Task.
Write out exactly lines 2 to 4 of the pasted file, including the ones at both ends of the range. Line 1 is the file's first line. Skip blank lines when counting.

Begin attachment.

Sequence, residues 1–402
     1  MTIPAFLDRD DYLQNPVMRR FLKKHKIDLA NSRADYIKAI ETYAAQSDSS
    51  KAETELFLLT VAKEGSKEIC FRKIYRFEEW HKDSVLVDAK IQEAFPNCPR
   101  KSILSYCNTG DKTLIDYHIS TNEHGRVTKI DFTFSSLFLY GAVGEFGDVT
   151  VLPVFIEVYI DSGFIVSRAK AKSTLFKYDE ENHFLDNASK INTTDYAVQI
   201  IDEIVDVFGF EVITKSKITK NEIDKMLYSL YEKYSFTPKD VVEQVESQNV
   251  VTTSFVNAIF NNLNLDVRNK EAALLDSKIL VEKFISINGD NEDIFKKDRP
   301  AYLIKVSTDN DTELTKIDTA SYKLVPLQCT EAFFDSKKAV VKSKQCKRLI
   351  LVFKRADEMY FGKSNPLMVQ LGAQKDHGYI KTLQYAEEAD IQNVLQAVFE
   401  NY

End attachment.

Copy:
     1  MTIPAFLDRD DYLQNPVMRR FLKKHKIDLA NSRADYIKAI ETYAAQSDSS
    51  KAETELFLLT VAKEGSKEIC FRKIYRFEEW HKDSVLVDAK IQEAFPNCPR
   101  KSILSYCNTG DKTLIDYHIS TNEHGRVTKI DFTFSSLFLY GAVGEFGDVT